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Robert Lazu Kmita | Remnant Columnist, Romania

The Mystery of Evil: Benedict XVI and the End of Days contains a message carries implications rarely seen in a book written by an academic scholar. In fact, as we will see shortly, the Italian author proposes a substantial interpretation regarding the unprecedented crisis that led to the resignation of Pope Benedict XVI.

Representing the concrete presence of God Himself in the midst of His Church, the Holy Eucharist is the culmination of Christian initiation, which begins with preparation for receiving Holy Baptism. Thus, both naturally and necessarily, after the bath of rebirth follows, at the appropriate time, the believer’s communion with the Body and Blood of the Savior Jesus Christ. Without exaggeration, we can say that the purpose of the entire life of the believer is this: the encounter with the Eucharistic Jesus.

Although playing the role of a saint is the most difficult challenge an actor can face, in the film Monsieur Vincent (1947), Pierre Fresnay achieved the impossible: creating a character that brought to life the famous French saint, Vincent de Paul. Without a doubt, we are dealing with a cinematic masterpiece that shines amidst the countless failures of directors and actors who have attempted similar projects.

“This is my body, which is given for you (...) This is the chalice, the new testament in my blood, which shall be shed for you (Luke 22, 19-20)”.

These are the key-words of the most mysterious and fascinating holy sacrament of the Church. By the pronouncement of the words spoken by Jesus Christ Himself on the night of the Last Supper, made by validly ordained priests, the gifts present on the altar – the bread and the wine – are truly transformed into the Body and Blood of Jesus Christ. Christian faith clearly affirms that “Christ is truly, really, and substantially present under the consecrated species in His Divinity and Humanity, with Body and Soul, in Flesh and Blood.”[i] How is such a thing possible?

"Most bishops are increasingly doubtful about this papacy and there are criticisms. However, these are expressed in hushed tones, never openly." -Aldo Maria Valli

Much has been written about the differences between the Gregorian Roman Catholic liturgy and the “Novus Ordo” liturgy of Pope Paul VI, as well as about the “mutation” undergone by post-conciliar Catholic theology. Additionally, a significant barometer of the major changes suffered by the traditional theological perspective, transformed through a complete rewriting by progressive theologians, is the Catechism of the Catholic Church.

As I have shown in another article,[i] the volume edited by Dr. Joseph Shaw – The Latin Mass and the Intellectuals: Petitions to Save the Ancient Mass from 1966 to 2007 (Arouca Press, 2023) – contains evidence proving that those who led the Ecclesia Dei commission expected the disappearance of the Mass of the ages and its defenders. Those who wanted to preserve it were considered either poor lunatics incapable of understanding the Hegelian march of history or dangerous schismatics who had to be eliminated. Today, this latter perspective is categorically being preferred. The simple fact of the refusal of those Catholics who love Tradition to disappear classifies them, in the eyes of progressive “theologians,” in the category of infidels.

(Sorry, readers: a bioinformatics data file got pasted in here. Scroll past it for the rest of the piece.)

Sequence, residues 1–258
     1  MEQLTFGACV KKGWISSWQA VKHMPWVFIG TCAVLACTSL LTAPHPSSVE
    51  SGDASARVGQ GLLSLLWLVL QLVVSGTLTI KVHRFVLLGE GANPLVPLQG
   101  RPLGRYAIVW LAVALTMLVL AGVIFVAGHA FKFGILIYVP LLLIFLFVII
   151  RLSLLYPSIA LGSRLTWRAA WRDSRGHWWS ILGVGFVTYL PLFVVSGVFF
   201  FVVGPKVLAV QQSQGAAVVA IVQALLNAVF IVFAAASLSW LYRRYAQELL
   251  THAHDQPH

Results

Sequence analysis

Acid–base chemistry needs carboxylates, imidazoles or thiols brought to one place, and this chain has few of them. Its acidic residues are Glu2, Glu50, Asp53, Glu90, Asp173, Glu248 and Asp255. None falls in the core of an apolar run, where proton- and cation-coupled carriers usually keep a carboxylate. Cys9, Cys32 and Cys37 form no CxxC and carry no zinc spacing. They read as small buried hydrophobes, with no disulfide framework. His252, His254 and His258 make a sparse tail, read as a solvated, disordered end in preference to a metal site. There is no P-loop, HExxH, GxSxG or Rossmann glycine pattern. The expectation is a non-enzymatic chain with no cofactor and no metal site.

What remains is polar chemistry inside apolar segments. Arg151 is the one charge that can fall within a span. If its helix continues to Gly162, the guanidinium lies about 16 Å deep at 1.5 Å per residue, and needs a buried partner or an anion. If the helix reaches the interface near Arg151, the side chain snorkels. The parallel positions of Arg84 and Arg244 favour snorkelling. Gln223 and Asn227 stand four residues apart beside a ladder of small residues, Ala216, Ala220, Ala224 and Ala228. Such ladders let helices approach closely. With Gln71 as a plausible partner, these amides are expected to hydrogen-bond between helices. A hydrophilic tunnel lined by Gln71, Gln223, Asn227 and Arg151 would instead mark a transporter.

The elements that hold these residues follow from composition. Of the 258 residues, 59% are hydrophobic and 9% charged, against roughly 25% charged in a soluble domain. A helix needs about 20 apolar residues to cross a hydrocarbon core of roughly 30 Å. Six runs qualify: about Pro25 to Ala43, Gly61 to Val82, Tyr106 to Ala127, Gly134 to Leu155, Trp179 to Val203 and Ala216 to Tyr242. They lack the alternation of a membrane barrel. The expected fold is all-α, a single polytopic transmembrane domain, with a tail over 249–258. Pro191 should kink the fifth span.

Nothing conveyed to us through the sacred books of the Old and New Testaments is accidental. Every detail, every aspect contains a message worthy of being deciphered, a significance from which we can learn something. All the more so, all those episodes from the life of Jesus Christ presented in the Gospels are full of profound meanings. One of them is the episode where we see Him, in the midst of the raging storm, sleeping in the boat surrounded by terrified apostles.

The publication of Hugo Klapproth’s work, Letters to a Protestant Friend (The Remnant Press, 2022), represents an editorial event that can help us acquire a deep understanding of the mentality and constellation of values of a pre-conciliar Catholic. And not just any Catholic, but a convert from Lutheranism who dedicated his life to defending and transmitting the truths of Christian Revelation.

The Evangelist Matthew relates that after the death of the Savior Christ, those who had orchestrated his execution had one major concern: to obtain the guard of the tomb where Joseph of Arimathea had placed Jesus’ body. Before Pilate, they explained that they feared lest the “heresies” of the one killed spread even more, in the event that his disciples stole his body (Matthew 27:63-64). Pilate granted them the requested soldiers. The tomb was sealed and placed under Roman guard.

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